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Silicon Valley Companies Add New Benefit For Women: Egg-Freezing

A technician opens a vessel containing women's frozen egg cells in April 2011 in Amsterdam.
AFP/Getty Images
A technician opens a vessel containing women's frozen egg cells in April 2011 in Amsterdam.

In the Silicon Valley arms race to lure the top talent with the best benefits, Facebook and Apple are adding egg freezing for female employees. The two companies may be the first to pay for the procedure for women who choose it to delay childbearing.

The addition of egg-freezing to the benefits plan comes as tech companies face mounting pressure to hire more women. And it's a perk that some women may find attractive.

Brigitte Adams started a community forum called Eggsurance, where women can share information about the procedure. Adams paid for the procedure herself. "I froze my eggs at 39," she says, "and there was nothing out there that was specific to egg-freezing."

The American Society of Reproductive Medicine only lifted the experimental label from egg-freezing two years ago. Adams, a marketing executive at a tech startup, says the addition of coverage for the procedure definitely would give extra weight to a job offer.

"I would equate it to reimbursement for an MBA program," she says, "or adoption assistance, or, you know — it's not the be-all and end-all, but it's definitely a nice perk."

And an expensive one — the benefit covers $20,000 worth of procedures, typically two rounds of egg retrieval. Then again, rich Silicon Valley companies are notorious for high-end benefits that can include gourmet food, dry cleaning and massages.

Cali Williams Yost, who consults with companies about work/life balance, says covering the cost of egg-freezing as an elective procedure could help keep some good female employees. (The benefit also is available to employees' spouses.)

"By offering to pay for women to freeze their eggs, I think Silicon Valley is responding to what some of the young, talented women in their workforce want," she says.

But, Williams Yost says, enabling female employees in particular to delay having children isn't all that's needed: At some point, those workers will have children and also will need the right benefits then.

"They are going to need the direct supports, the flexibility, the caregiving," she says, "leaves and benefits that actually help them combine work and life. Egg-freezing is a great small piece of a much bigger puzzle."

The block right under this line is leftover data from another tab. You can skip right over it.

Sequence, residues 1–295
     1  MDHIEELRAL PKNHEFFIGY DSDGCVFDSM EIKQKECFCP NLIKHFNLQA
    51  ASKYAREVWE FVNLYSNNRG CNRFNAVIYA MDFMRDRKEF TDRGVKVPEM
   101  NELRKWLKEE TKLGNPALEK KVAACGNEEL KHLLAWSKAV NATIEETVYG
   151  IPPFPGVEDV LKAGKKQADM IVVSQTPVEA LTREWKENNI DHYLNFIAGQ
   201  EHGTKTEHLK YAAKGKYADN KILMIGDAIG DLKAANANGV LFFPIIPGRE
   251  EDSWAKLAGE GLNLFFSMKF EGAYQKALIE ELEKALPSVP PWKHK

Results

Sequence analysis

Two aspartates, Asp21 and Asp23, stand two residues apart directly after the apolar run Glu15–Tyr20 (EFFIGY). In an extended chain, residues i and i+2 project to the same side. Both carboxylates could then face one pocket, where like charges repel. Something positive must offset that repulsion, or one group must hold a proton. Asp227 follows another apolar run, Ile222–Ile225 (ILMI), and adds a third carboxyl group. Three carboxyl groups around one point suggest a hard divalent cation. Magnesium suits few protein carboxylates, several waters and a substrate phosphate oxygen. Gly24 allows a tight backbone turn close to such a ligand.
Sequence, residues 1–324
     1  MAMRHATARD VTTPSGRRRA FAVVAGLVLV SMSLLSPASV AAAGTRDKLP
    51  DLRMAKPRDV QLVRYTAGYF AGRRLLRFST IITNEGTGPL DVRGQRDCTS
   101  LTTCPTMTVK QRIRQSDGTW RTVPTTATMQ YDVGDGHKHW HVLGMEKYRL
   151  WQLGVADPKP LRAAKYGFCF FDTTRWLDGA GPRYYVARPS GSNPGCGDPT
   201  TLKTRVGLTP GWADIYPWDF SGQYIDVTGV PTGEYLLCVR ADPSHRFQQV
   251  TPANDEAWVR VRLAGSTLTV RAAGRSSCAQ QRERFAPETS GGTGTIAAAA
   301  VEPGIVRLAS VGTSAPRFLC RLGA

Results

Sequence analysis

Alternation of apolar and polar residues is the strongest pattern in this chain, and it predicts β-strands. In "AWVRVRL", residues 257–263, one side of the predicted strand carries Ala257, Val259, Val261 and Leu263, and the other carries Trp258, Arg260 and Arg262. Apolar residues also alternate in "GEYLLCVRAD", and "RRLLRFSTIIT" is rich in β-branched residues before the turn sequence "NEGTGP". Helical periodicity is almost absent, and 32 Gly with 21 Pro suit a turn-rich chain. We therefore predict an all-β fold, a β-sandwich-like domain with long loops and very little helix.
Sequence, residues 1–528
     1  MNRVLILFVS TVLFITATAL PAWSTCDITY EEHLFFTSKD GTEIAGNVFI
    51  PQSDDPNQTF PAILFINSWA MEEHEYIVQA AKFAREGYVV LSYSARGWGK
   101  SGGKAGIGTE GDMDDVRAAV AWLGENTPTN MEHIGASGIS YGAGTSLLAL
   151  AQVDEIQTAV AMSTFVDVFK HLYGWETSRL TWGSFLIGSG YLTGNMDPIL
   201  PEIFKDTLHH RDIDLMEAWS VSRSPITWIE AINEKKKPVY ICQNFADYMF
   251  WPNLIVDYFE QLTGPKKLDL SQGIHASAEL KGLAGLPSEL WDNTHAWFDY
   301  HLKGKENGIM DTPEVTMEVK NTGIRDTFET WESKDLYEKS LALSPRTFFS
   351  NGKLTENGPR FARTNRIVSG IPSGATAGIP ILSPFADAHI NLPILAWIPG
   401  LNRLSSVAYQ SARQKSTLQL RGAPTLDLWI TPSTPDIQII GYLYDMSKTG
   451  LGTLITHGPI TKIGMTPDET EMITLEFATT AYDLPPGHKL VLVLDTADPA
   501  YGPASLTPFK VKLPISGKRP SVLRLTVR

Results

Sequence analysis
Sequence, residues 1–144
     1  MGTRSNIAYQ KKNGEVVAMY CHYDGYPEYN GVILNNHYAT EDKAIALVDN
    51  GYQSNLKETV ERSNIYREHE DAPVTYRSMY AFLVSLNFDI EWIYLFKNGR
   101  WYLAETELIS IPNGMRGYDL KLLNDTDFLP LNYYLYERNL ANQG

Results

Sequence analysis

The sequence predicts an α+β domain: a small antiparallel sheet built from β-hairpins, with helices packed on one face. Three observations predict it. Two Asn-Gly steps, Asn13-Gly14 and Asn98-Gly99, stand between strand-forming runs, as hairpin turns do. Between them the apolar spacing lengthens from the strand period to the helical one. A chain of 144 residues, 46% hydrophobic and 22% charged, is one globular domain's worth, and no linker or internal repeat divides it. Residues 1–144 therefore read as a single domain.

Facebook told NPR that its offering this benefit because employees were asking for it. In a statement, Apple also said it wanted to make certain its female employees could "do the best work of their lives." Both companies have paid parental leave policies and on-site health care. Facebook also subsidizes day care costs.

But Marcy Darnovsky, executive director at the Center for Genetics and Society, says that expanding benefits to cover egg-freezing could put pressure on women to delay childbearing so that their employer can get more hours out of them. Darnovsky is an advocate for the responsible use of reproductive technologies.

"When you're in a situation of your employer offering you a choice," she says, "you really have to be careful that you're distinguishing between something that's an expanded option and something that's actually subtle or even explicit pressure to do what your employer wants you to do."

But Darnovsky says there is also a virtue in egg-freezing because it does give women more choices and control over their lives.

Egg-freezing is no guarantee of having a child, though. Studies indicatethat women who have three rounds of egg retrieval at around $10,000 per round have a slightly more than 30 percent chance of giving birth if they are 25 or younger when the eggs are frozen. The closer women get to age 40, the lower the likelihood of success. If women limit themselves to the two rounds of egg retrieval covered by the new benefits, that also will reduce the odds.

Eggsurance forum founder Brigitte Adams froze her eggs when she was 39. She says she didn't do it for career reasons, but to give herself as many options as she could given the circumstances of her life, and that that's why many women she knows did the procedure.

"We're doing it maybe because our life didn't take the course we expected it to, she says, "and we're older and we want to have children and, hey, there's this new technology that may help us do that."

Adams is currently single, and she says freezing her eggs has made it easier for her to look for the right partner without feeling as much pressure from her biological clock.

Copyright 2021 NPR. To see more, visit https://www.npr.org.

Laura Sydell fell in love with the intimate storytelling qualities of radio, which combined her passion for theatre and writing with her addiction to news. Over her career she has covered politics, arts, media, religion, and entrepreneurship. Currently Sydell is the Digital Culture Correspondent for NPR's All Things Considered, Morning Edition, Weekend Edition, and NPR.org.
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